NASA's Kepler mission to answer the question of how common Earth-like planets are in the galaxy is set for a March 6 liftoff from Pad 17-B at Cape Canaveral Air Force Station in Florida.
There are two launch windows: 10:49 to 10:52 p.m. and 11:13 to 11:16 p.m. EST. The 2,320-pound spacecraft from Ball Aerospace will be lofted by a United Launch Alliance Delta II 7925-10L into an Earth-trailing orbit from which it can view some 100,000 sun-like stars in the Cygnus-Lyra region of the Milky Way.
Putting it a 10th of an astronomical unit - 9 million miles - behind Earth will keep the spacecraft free of the planet's gravitational field and assure that it will have uninterrupted viewing. The total mission cost is $591 million.
Principal Scientist William Borucki of NASA Ames Research Center pushed for a planet survey for decades but had to wait for advances in photometric technology to catch up with his vision.
Planets are virtually invisible next to very bright suns, so detecting them requires an instrument with high sensitivity. Kepler's photometer can detect changes in brightness of just 20 parts per mission, which should make it perfect for spotting the planets as they pass in front of their host stars.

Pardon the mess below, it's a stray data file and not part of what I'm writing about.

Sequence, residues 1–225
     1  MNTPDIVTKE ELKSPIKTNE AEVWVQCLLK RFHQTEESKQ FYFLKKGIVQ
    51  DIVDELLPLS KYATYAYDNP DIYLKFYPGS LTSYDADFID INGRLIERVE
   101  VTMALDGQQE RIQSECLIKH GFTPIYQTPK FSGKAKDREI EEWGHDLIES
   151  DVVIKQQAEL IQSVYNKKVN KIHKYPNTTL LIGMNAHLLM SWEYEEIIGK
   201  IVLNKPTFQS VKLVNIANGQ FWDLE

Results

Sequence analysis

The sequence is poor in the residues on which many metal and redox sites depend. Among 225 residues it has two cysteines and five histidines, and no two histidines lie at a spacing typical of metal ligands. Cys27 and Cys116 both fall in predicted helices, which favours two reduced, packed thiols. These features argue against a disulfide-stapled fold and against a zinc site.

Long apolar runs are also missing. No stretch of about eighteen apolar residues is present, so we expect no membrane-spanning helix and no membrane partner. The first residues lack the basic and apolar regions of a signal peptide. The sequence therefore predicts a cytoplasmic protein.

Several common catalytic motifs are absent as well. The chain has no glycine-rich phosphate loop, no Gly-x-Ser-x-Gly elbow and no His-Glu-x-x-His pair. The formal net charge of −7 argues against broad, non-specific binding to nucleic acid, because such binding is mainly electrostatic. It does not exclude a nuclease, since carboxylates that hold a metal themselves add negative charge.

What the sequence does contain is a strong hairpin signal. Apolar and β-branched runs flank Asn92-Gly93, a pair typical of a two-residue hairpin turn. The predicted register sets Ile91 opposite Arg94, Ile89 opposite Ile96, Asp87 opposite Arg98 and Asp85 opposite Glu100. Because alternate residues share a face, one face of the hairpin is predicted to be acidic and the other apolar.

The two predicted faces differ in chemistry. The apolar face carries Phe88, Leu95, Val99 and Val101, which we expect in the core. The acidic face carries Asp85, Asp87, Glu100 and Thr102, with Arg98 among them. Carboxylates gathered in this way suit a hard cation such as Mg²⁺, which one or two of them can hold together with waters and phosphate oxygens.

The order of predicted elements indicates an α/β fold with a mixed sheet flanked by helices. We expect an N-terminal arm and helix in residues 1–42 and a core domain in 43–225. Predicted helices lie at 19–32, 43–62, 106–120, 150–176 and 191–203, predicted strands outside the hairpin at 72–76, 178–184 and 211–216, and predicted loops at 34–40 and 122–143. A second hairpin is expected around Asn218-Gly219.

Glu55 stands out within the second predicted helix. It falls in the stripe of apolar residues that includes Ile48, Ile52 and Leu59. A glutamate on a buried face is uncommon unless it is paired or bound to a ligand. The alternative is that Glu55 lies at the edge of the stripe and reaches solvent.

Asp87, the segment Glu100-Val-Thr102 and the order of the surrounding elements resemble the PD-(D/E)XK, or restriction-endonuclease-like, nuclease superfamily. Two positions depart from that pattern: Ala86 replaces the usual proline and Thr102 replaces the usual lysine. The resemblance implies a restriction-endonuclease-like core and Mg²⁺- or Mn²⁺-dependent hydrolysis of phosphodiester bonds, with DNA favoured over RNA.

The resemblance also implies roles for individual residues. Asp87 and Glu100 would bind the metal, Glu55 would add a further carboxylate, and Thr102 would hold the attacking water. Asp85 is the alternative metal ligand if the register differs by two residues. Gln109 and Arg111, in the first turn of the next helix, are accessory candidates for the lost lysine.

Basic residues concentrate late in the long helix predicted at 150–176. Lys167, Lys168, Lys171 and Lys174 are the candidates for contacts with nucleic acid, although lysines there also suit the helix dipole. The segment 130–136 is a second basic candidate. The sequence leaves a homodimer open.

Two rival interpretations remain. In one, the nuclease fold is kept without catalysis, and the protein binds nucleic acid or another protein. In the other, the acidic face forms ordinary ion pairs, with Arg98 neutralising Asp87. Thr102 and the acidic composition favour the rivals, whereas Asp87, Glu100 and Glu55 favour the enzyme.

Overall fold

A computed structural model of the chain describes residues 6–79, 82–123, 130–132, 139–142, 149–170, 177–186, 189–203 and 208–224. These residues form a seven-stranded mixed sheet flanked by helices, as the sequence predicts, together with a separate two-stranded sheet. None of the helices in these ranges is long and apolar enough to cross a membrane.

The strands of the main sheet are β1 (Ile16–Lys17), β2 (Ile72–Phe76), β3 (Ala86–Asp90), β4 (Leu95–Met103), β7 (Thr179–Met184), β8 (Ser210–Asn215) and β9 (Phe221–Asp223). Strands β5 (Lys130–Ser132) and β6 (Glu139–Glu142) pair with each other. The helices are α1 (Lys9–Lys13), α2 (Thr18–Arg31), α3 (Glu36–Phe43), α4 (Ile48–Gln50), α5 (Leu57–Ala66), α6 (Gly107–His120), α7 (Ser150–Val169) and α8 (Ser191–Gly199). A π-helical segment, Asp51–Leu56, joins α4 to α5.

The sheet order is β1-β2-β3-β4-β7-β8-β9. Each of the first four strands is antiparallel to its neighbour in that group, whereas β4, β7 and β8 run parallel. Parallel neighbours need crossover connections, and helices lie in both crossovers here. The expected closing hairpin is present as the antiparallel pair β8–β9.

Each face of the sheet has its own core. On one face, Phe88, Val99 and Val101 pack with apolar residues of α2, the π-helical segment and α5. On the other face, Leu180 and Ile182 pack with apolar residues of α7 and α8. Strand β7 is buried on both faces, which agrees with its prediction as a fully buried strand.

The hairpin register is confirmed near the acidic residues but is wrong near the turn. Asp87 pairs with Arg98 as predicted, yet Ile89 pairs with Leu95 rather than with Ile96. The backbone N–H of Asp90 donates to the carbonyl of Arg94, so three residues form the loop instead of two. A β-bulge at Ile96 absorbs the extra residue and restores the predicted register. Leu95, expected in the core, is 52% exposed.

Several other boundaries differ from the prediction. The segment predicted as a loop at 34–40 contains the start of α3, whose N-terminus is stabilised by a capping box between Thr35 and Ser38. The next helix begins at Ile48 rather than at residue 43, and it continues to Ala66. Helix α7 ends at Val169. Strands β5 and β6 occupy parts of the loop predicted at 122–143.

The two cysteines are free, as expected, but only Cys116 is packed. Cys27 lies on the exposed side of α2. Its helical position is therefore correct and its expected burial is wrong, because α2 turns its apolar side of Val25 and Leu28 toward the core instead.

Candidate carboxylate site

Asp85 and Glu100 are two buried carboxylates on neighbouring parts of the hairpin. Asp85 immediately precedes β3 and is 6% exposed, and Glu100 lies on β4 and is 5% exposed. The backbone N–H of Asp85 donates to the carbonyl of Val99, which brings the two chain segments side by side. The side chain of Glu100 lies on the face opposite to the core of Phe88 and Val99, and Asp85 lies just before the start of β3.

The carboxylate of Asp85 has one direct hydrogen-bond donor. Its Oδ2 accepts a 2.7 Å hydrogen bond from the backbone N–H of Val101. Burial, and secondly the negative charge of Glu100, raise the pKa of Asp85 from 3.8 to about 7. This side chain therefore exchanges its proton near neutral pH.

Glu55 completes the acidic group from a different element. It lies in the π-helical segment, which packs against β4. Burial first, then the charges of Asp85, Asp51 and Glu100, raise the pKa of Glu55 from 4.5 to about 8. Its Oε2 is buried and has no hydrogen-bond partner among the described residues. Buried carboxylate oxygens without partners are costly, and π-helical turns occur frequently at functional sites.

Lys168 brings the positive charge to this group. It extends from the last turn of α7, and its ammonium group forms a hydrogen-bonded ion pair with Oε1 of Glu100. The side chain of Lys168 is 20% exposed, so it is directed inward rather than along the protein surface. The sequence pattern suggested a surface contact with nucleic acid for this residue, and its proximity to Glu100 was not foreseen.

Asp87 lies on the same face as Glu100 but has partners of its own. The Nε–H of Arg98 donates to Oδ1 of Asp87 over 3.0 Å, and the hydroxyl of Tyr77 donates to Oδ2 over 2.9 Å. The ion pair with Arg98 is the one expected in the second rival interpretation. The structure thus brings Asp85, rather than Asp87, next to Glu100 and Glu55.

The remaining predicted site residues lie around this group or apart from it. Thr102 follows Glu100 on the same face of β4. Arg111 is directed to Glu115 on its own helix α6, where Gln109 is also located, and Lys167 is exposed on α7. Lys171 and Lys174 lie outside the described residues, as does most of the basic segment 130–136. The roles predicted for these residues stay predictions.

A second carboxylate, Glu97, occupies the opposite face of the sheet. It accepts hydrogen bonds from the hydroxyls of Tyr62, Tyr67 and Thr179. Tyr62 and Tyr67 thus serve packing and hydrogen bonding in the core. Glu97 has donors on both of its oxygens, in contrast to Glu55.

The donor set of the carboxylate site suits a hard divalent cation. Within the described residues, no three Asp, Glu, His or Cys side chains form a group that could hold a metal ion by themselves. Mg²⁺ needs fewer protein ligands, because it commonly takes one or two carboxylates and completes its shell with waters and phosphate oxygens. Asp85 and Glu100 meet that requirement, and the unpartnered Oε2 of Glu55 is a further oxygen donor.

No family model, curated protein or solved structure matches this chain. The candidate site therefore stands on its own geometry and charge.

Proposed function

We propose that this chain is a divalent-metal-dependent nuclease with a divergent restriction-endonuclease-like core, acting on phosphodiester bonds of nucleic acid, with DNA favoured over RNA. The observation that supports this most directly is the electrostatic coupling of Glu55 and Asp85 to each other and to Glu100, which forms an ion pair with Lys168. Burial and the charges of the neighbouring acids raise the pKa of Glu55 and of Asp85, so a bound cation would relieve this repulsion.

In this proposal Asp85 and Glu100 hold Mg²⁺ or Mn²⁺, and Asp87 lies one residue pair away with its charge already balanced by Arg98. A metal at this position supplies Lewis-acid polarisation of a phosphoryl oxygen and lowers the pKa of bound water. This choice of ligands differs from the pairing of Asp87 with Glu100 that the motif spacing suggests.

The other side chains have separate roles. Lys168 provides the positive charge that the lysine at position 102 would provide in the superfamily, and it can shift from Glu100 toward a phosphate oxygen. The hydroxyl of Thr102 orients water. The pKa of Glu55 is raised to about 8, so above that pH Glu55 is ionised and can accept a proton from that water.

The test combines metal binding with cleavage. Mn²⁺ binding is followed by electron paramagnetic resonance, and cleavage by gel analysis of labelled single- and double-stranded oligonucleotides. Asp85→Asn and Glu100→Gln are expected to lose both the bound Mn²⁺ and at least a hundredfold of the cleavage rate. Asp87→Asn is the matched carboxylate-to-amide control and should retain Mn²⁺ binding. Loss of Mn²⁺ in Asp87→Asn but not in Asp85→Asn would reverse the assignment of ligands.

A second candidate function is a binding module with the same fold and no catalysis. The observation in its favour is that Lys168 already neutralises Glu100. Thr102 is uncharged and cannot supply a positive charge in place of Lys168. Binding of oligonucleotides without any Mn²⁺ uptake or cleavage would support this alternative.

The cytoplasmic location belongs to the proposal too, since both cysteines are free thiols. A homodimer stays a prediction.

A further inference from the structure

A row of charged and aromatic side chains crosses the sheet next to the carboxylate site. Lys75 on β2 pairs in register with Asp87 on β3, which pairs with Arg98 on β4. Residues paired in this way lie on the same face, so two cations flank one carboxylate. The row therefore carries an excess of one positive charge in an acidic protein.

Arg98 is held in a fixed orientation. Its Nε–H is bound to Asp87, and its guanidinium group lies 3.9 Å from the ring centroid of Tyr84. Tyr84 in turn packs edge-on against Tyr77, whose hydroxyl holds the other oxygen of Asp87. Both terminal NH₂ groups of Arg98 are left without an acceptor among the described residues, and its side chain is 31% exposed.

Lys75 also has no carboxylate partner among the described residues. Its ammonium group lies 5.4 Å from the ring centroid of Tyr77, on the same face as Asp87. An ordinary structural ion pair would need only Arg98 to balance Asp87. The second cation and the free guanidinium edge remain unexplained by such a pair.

The spacecraft's telescope has a 1.4-meter (4.6-foot) primary mirror with a 0.95-meter aperture and a very wide 105-degree field of view. Its target stars were chosen from 4.3 million suns within its viewing area.
Kepler's imaging system uses 42 charge-coupled devices with a total of 95 million pixels. Hubble's Wide Field & Planetary Camera 2 has 4 CCDs and 640,000 pixels.
See what I mean? Over three orders of magnitude in pixels more! I hope everything works well!